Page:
The election of a president of the United States is not just democracy in circuslike action. It also may be, at its core, the most elaborate and expensive recruitment and hiring process that mankind has ever created.
You can think of a presidential election as being like a particularly large company’s search for a chief executive. In this case, the search costs a couple of billion dollars (the amount that will be expended on campaigns), has a hiring committee of 127 million people (the number of voters last cycle) and is covered at every turn by virtually every media organization on earth.
What, then, can the latest evidence about best hiring practices tell us about the election, in which hiring the best employee has particularly high stakes? Good news: The answers might just make you feel a little better about U.S. democracy.
In the last several years, there has been a lot of evidence, both from academic work and from companies that approach recruitment analytically, that traditional job interviews are not particularly good tools for identifying the best employees.
One conclusion: It is a bad idea to hire someone primarily based on a job interview, or on a manager’s gut instinct. Some people perform better when being interviewed, but that seems to be a self-contained skill. It does not tell you much about whether a person would be a good software engineer or accountant.
“Interviewers are likely to feel they are getting useful information from unstructured interviews, even when they are useless,” concluded a 2013 article in the academic journal Judgment and Decision-Making. “Our simple recommendation for those who make screening decisions is not to use them,” wrote Jason Dana, Robyn Dawes and Nathanial Peterson.
Major companies have come to the same conclusion. Google long had a reputation for putting job candidates through multiple interviews and asking potential employees brain-teaser-type questions to see how they responded. Not anymore.
“We looked at tens of thousands of interviews, and everyone who had done the interviews and what they scored the candidate, and how that person ultimately performed in their job,” Google’s chief human resources executive, Laszlo Bock, told the Times in 2013. “We found zero relationship. It’s a complete random mess.”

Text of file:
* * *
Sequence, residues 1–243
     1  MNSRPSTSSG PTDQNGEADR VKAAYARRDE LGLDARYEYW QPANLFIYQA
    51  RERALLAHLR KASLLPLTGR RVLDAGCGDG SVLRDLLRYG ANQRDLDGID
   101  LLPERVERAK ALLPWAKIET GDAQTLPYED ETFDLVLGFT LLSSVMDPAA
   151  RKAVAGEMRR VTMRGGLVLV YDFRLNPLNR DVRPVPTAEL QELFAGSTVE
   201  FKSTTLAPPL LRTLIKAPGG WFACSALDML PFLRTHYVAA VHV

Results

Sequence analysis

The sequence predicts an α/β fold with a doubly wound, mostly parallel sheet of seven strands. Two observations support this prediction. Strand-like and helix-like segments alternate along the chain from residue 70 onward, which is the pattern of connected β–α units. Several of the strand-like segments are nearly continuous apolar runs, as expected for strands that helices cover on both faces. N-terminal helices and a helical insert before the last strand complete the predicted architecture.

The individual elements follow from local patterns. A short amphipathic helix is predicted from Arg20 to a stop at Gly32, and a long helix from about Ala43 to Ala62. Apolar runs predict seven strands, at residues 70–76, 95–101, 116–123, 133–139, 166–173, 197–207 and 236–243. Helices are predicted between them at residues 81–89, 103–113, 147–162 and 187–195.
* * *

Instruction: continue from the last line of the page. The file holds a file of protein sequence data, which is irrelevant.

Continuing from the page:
Maybe the search committee for the next president – that is, all U.S. voters – should not put too much weight on what they see in unstructured press interviews with candidates. I argue that speeches and debate performances fit the same pattern, in that they are performances that do not tell you a ton about how a person would perform in the vast portion of the presidency that takes place off-camera.
So what does work? Google found that structured interviews, in which applicants are asked uniform, concrete questions, were helpful.
And a large body of work suggests that tests and simulations can give particularly useful information about how a person will perform on the job.
Economists looked at data from firms employing low-skill workers, in which some managers had the discretion to hire the employees they thought were the best fit, while others relied on a performance test. Those hired with tests alone stayed in the jobs 15 percent longer than those chosen by managers, a sign they were a better match. And in an experiment with British doctors, a daylong series of simulations, such as interaction with an actor playing a sick patient, more accurately predicted their future performance than a 90-minute test.